Paris, France (SPX) Mar 27, 2009
The European radio astronomy program, RadioNet, has been awarded 10 Million Euro by the European Commission under the Seventh European Framework Program (FP7). RadioNet is an EC integrating activity that brings together all the major radio observatories in Europe, covering the frequency range of 10 Mhz to 1 Thz.
Based on the highly successful RadioNet FP6 program, RadioNet FP7 will receive funding from the EC over the next 3 years (2009-2011).
The new project is also supported with considerable national funding from the participating institutes, and formally kicks-off next week with the inaugural meeting of its Board in the vicinity of Amsterdam airport, the Netherlands.
RadioNet under the Sixth European framework FP6, has transformed radio astronomy in Europe. It is now natural for most, if not all, radio astronomers to think in terms of European collaboration as the way to proceed; this situation did not exist across the broad subject five years ago.
The general objective of RadioNet, as an Integrating Activity, is to optimize the use and development of European radio astronomy telescopes with an eye towards future large radio projects, including the next generation of large radio telescopes, the Square Kilometre Array (SKA) and the Atacama Large Millimetre Array (ALMA).
A primary goal will be to ensure that European researchers have access to the radio astronomical facilities they need, in order to undertake the key science topics they wish to pursue.
Another major goal is to ensure that innovative technical developments in Radio Astronomy are supported on a European-wide basis, pooling the broad range of skills, resources and expertise that exists in Europe.
This will provide a critical mass that will ensure that progress is not made slowly in isolation but quickly and efficiently, via a broad-based, yet well-focused, scientific and engineering collaboration.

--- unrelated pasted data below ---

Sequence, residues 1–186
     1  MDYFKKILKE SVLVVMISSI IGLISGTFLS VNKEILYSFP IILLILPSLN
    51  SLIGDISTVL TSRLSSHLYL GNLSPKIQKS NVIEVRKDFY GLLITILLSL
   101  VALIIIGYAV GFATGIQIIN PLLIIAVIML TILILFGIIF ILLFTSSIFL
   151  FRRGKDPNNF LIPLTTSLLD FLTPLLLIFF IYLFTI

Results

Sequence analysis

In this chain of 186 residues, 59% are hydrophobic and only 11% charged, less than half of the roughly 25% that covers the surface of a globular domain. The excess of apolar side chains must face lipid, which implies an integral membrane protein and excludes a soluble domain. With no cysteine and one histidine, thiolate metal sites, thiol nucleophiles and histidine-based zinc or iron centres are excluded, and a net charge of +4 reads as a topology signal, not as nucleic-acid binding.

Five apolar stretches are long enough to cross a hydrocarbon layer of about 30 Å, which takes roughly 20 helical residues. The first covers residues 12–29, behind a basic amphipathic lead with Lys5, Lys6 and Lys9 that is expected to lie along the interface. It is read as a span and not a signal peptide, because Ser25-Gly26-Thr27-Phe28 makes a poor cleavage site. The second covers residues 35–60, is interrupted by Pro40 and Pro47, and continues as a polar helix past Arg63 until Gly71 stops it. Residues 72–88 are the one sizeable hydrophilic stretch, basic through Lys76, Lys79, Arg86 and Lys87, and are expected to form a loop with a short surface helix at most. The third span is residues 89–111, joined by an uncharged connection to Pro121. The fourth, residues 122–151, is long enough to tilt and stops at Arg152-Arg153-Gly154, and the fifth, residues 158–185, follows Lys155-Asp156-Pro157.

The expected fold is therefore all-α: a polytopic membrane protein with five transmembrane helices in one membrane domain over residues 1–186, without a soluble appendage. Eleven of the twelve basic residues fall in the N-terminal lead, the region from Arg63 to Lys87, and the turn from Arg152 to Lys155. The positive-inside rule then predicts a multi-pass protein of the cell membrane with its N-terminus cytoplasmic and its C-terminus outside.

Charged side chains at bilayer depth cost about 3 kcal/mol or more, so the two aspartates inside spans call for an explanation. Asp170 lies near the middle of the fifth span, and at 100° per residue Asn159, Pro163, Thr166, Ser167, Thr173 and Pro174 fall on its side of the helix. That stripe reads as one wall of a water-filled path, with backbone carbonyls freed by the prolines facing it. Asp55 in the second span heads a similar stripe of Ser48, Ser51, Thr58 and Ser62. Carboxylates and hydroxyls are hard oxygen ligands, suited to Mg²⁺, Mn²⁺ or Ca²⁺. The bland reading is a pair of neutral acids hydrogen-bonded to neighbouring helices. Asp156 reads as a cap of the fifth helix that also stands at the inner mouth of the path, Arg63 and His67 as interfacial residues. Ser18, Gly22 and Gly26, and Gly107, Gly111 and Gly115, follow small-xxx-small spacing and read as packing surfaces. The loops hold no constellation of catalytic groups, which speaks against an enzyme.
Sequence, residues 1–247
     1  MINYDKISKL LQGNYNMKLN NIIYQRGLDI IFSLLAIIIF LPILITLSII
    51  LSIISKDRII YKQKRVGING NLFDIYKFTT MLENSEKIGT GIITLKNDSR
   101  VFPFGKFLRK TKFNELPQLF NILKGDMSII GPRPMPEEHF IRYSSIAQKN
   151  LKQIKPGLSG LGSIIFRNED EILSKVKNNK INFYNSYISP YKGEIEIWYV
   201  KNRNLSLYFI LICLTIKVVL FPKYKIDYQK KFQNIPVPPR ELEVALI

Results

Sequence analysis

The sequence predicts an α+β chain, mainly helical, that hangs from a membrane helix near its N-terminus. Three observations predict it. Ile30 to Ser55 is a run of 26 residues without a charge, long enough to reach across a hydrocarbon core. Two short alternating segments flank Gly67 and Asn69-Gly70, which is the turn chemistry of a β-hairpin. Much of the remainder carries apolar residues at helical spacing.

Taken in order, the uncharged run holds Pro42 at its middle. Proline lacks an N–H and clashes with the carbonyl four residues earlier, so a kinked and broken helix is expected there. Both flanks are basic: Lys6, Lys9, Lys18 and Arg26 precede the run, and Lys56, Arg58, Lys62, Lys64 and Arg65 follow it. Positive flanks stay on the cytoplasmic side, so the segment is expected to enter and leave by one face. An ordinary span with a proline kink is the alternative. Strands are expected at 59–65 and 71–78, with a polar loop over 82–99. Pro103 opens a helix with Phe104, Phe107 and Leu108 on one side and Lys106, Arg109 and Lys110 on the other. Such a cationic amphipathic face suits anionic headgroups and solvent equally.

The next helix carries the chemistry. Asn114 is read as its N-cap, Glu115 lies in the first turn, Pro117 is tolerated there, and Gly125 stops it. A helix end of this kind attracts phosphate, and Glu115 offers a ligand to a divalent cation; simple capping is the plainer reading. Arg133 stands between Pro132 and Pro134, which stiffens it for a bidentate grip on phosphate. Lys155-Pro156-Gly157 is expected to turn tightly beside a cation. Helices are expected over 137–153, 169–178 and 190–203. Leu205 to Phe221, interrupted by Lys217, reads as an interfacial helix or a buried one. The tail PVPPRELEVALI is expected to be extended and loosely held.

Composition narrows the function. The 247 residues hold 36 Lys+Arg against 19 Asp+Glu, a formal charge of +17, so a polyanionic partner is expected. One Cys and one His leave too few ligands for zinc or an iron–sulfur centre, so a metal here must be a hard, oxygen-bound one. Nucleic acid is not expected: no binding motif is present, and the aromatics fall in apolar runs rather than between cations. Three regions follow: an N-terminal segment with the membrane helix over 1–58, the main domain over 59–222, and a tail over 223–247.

RadioNet FP7 has grown, now involving 26 partners from 13 different countries, contributing effort to 18 independent work packages.
These include joint research activities, training for undergraduates and post-graduates, workshops targeted towards new and emerging topics of research and last but not least, enabling scientists to obtain easy access to Europe's largest and most sensitive radio telescopes.
In addition to member states, other countries participating are South Korea, the United States of America and South Africa.
The RadioNet management plan builds on the close collaboration that many of the institutes have developed over the last 30 years of joint participation in the European VLBI Network (EVN) - an array of 16 major radio telescopes spanning Europe and other major regions of the world, in particular China and South Africa.
The many threads of RadioNet come together in the Netherlands institute for radio astronomy, ASTRON, under the leadership of Professor Michael Garrett who is the RadioNet Coordinator.
Space Telescope News and Technology at Skynightly.com
ESO's First Observatory Celebrates 40th Anniversary
Paris, France (SPX) Mar 25, 2009
ESO's La Silla Observatory, which is celebrating its 40th anniversary, became the largest astronomical observatory of its time. It led Europe to the frontline of astronomical research, and is still one of the most scientifically productive in ground-based astronomy.
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